A Rhetorical Crime

Genocide in the Geopolitical Discourse of the Cold War

; Douglas Irvin-Erickson (Forord)

The Genocide Convention was drafted by the United Nations in the late 1940s, as a response to the horrors of the Second World War. But was the Genocide Convention truly effective at achieving its humanitarian aims, or did it merely exacerbate the divisive rhetoric of Cold War geopolitics?

A Rhetorical Crime shows how genocide morphed from a legal concept into a political discourse used in propaganda battles between the United States and the Soviet Union. Les mer
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The Genocide Convention was drafted by the United Nations in the late 1940s, as a response to the horrors of the Second World War. But was the Genocide Convention truly effective at achieving its humanitarian aims, or did it merely exacerbate the divisive rhetoric of Cold War geopolitics?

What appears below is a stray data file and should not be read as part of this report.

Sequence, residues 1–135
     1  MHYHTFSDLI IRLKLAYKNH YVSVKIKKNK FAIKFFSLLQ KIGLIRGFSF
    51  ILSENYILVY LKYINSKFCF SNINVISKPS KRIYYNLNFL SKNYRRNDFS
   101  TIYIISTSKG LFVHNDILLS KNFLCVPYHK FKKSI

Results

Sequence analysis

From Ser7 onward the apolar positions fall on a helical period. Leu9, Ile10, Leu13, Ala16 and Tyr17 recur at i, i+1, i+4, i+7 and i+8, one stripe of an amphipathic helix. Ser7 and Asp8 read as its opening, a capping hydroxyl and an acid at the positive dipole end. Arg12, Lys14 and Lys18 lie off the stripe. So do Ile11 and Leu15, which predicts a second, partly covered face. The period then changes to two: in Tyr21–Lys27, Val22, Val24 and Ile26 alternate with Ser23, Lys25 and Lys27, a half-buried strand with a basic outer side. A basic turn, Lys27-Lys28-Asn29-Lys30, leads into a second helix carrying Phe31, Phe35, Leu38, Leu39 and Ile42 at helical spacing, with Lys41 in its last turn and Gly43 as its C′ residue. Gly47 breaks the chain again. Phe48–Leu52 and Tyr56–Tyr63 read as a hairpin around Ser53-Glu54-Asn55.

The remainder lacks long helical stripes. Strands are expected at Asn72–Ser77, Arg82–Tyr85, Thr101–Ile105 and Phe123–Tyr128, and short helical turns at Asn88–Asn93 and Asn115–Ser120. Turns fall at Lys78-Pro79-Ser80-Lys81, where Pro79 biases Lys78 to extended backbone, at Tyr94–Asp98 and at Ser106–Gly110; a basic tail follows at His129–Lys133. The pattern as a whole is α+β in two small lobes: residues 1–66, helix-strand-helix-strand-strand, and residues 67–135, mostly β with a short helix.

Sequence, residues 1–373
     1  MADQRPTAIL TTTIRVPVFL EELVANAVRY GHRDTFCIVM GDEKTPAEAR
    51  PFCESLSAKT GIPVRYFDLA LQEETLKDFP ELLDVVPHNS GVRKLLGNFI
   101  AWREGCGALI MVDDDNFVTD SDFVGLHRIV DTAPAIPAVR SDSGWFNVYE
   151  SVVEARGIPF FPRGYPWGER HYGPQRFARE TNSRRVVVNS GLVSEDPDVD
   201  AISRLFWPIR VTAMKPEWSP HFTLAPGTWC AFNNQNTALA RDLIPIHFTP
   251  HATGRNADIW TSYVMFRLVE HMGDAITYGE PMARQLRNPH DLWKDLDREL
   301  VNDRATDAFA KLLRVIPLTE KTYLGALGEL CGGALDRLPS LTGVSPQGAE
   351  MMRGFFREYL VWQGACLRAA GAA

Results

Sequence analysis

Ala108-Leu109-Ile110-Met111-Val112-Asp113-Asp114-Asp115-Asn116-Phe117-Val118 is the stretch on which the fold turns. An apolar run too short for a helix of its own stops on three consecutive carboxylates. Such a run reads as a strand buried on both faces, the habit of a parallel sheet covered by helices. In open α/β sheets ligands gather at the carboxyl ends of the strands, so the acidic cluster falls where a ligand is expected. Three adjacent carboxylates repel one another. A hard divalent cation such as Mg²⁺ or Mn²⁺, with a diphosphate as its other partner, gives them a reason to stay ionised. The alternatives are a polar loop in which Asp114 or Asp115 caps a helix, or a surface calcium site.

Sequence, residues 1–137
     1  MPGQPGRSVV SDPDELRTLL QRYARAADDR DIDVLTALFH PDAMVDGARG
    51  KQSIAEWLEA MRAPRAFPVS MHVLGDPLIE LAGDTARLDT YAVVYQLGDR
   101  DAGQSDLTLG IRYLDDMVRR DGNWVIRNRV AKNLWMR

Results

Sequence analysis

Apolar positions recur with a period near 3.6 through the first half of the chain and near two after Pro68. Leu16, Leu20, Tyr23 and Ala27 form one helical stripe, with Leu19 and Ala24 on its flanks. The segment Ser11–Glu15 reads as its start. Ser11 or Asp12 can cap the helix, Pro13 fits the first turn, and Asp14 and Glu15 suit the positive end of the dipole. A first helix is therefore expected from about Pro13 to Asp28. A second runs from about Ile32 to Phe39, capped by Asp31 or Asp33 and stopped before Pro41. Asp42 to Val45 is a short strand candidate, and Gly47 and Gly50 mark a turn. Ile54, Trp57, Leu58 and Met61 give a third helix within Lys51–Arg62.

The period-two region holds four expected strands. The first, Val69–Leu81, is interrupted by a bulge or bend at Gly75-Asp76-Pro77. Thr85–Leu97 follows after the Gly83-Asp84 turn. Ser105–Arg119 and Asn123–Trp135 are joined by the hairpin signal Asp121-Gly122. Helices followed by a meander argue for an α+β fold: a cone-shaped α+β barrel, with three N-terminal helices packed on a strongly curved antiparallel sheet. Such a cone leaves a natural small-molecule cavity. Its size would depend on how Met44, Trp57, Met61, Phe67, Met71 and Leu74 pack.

A Rhetorical Crime shows how genocide morphed from a legal concept into a political discourse used in propaganda battles between the United States and the Soviet Union. Over the course of the Cold War era, nearly eighty countries were accused of genocide, and yet there were few real-time interventions to stop the atrocities committed by genocidal regimes like the Cambodian Khmer Rouge.

Renowned genocide scholar Anton Weiss-Wendt employs a unique comparative approach, analyzing the statements of Soviet and American politicians, historians, and legal scholars in order to deduce why their moral posturing far exceeded their humanitarian action.

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